Biden Is Betting His Whole ‘Climate Agenda’ on ‘Broadly Defined’ Infrastructure Spending


By: - Climate DepotMarch 15, 2021 5:26 PM

White House Is Eyeing Infrastructure Needs, ‘Broadly Defined’:  The next proposal will include infrastructure, “broadly defined,” Heather Boushey, a member of President Joe Biden’s Council of Economic Advisers, said Monday in an interview with Bloomberg Television. “There is a long list of things that we need to invest in,” including the power grid and a plan to bolster child and elder care, she said.

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Via Bloomberg News: Sen. Sheldon Whitehouse—one of the strongest advocates for climate action among Democrats in Congress—called the upcoming infrastructure bill “our primary opportunity to move green priorities. Green infrastructure and low-carbon technologies have enormous potential to create jobs.” … As vice president, Biden presided over the (Obama green stimulus) implementation of that legislation, and those who were on his staff at the time say that the program’s success inspired his campaign promises on clean energy and job creation.

Many environmental advocates point out that the new stimulus package isn’t entirely devoid of upside for the climate. It includes $100 million for the Environmental Protection Agency—half for environmental justice grants and activities to help communities disproportionately burdened by pollution, and half for air quality monitoring grants and other purposes. There’s also more than $30 billion for mass transit systems that have seen ridership and revenue collapse amid the pandemic, plus an additional $1.7 billion for Amtrak.

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‘Sherrif Joe’: Biden played ‘sheriff’ on ’09 aid: In 2009, then-Vice President Joe Biden acted as “Sheriff Joe” in making sure federal dollars from a massive economic aid package were getting to the right places and getting there quickly.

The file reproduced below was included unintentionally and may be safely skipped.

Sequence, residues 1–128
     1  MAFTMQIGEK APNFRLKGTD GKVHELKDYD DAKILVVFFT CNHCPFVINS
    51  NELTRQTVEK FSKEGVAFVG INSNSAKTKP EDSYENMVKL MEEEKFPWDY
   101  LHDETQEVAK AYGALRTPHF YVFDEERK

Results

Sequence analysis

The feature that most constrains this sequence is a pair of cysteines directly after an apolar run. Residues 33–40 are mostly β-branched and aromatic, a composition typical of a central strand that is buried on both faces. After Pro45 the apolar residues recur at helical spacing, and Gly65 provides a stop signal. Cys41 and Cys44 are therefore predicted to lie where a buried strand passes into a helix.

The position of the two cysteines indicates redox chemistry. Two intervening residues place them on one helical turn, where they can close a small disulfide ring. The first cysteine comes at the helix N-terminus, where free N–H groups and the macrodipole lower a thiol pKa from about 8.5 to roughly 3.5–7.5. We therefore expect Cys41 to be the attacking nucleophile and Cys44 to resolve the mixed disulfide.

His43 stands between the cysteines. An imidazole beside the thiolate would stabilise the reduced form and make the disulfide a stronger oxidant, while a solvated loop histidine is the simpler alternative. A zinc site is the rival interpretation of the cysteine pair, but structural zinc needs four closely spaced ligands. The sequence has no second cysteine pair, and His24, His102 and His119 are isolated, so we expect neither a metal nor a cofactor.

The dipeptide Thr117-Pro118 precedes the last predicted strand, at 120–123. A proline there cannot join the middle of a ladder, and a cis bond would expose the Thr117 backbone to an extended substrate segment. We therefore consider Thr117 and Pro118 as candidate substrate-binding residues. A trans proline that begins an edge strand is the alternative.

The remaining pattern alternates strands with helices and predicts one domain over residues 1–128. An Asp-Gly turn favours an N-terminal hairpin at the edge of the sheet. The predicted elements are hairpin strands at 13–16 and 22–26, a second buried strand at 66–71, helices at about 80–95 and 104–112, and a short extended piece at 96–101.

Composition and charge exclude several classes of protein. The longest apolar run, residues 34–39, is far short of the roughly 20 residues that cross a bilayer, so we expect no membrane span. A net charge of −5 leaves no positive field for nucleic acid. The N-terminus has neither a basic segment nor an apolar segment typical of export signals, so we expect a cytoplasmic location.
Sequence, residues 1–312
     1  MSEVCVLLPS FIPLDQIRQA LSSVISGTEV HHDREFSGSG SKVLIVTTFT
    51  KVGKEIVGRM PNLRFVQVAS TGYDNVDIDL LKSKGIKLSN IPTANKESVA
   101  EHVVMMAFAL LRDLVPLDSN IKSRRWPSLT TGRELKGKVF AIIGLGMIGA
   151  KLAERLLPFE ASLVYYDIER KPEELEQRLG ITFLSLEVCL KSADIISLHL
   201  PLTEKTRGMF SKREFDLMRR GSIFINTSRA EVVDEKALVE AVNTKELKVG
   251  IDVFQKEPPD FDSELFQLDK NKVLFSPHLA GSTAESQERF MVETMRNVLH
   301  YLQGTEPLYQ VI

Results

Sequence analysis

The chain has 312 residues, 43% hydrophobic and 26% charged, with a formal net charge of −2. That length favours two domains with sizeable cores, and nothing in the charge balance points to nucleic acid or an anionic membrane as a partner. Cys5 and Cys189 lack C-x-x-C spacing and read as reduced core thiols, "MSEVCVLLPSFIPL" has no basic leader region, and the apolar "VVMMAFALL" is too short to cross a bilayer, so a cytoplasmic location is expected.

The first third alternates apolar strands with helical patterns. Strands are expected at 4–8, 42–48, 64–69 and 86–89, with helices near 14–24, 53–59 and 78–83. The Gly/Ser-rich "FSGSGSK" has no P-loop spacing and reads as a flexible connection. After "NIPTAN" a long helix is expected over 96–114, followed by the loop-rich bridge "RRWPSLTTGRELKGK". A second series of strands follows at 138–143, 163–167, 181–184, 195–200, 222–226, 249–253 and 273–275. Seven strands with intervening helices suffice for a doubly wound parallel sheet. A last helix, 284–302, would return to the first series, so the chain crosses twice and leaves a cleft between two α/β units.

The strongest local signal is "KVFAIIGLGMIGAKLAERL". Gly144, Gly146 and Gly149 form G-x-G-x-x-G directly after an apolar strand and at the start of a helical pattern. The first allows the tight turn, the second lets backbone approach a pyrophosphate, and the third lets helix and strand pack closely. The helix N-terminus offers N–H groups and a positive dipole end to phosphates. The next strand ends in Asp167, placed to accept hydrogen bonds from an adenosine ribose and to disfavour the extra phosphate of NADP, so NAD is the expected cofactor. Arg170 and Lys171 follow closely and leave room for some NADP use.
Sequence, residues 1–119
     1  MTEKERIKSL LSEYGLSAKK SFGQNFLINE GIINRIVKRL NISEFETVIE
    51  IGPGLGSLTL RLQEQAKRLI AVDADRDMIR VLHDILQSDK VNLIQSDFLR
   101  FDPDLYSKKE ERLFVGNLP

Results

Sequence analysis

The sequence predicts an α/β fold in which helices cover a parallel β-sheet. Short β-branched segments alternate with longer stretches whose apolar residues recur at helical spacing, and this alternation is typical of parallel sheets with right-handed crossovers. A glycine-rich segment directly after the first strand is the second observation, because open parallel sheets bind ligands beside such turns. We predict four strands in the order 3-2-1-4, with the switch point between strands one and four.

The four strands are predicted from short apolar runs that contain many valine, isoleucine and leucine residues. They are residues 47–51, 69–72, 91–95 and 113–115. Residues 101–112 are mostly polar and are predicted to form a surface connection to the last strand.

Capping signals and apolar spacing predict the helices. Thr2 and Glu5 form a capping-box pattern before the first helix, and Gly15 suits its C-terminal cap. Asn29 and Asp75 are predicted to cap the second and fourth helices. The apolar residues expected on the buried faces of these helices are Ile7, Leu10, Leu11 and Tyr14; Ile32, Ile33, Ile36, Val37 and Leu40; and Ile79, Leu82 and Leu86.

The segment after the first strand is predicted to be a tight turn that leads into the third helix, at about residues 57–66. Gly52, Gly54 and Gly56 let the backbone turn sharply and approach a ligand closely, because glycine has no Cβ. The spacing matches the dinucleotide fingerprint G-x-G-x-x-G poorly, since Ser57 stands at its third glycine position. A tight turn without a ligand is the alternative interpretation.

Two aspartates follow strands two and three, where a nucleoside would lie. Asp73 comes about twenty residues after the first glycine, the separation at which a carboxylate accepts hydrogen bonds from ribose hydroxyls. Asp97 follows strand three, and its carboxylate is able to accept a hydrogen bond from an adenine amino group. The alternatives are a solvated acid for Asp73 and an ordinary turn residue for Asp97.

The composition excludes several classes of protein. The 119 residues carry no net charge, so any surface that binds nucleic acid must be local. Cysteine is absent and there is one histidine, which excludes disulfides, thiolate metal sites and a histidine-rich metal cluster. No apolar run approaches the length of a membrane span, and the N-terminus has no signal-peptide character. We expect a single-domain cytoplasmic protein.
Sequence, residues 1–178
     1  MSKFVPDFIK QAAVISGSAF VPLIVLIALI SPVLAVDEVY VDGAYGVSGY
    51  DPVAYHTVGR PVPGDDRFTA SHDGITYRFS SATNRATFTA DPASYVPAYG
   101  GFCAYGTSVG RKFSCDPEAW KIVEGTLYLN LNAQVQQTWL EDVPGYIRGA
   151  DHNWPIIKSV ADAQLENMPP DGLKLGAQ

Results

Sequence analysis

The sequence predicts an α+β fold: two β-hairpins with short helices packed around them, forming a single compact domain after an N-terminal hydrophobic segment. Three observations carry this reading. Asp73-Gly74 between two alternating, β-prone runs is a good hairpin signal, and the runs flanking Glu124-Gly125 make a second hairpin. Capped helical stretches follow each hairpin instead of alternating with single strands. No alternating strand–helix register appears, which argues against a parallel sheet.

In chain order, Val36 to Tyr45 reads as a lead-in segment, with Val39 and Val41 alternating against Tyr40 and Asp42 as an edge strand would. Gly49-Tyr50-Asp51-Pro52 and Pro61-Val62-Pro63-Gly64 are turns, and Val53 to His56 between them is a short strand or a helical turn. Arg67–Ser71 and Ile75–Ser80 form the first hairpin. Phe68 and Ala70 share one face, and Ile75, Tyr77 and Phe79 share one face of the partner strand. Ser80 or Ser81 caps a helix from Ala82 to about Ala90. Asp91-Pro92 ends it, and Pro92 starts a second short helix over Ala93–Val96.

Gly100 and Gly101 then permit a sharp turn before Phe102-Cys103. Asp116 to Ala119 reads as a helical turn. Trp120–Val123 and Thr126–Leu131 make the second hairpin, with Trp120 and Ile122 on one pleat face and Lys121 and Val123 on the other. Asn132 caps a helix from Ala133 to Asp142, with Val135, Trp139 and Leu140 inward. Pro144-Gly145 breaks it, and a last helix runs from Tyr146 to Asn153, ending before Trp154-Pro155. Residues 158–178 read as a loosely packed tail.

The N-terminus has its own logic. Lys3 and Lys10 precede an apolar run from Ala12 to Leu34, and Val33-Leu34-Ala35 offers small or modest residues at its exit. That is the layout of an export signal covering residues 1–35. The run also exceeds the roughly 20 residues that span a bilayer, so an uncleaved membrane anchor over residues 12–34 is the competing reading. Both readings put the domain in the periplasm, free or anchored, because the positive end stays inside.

Flashback 2011: How did ‘Sheriff Joe’ miss failings of green energy stimulus?! Solyndra represents stimulus failure – Solyndra, the stimulus-funded solar energy company that recently declared bankruptcy. The company, which laid off 1,100 workers after its sudden demise, once looked like the poster-child of stimulus success…. Digging beneath the surface, the situation gets more troubling. The White House’s relationship with Solyndra, it turns out, was a mix of corporate favoritism, big-money politics, liberal ideology and Chicago-style deal making. As the Obama administration dealt favors, the American taxpayers got stuck with the $535 million bill.

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https://www.bloomberg.com/news/articles/2021-03-11/biden-is-betting-his-whole-climate-change-agenda-on-infrastructure

Biden Is Betting His Whole Climate Agenda on Infrastructure

By Leslie Kaufman and Jarrell Dillard
March 11, 2021

Candidate Joe Biden rode into the White House promising to build back the economy after the devastation of Covid-19 with cleaner energy and a lower carbon footprint. The $1.9 trillion American Rescue Plan that President Biden signed into law today, however, does little in the way of fulfilling that pledge.

That makes this the sixth pandemic stimulus package in roughly 12 months to put off significant action on clean energy and climate change mitigation, yet another sign of what many advocates now conclude is an opportunity wasted. The White House and Democratic leadership in Congress have said that low-carbon energy policy is still very much on the agenda, but that they’re aiming to load much of that into an infrastructure bill the Biden administration will put forward next.

Dividing the two priorities is risky, however, because an infrastructure bill with a heavy emphasis on climate mitigation could be even more contentious than the stimulus package. Polls showed widespread enthusiasm for this round of relief, yet the bill garnered not a single GOP vote in either chamber.

“Democrats felt very clearly that it was important to move quickly on rescue and that the contents be logically connected to the Covid crisis,” said Benjamin Salisbury, director of research for Height Capital Markets, a firm that does policy analysis for institutional investors. “They estimated that the risk of slowing or disrupting the rescue bill by adding other priorities was greater than the risk of waiting.”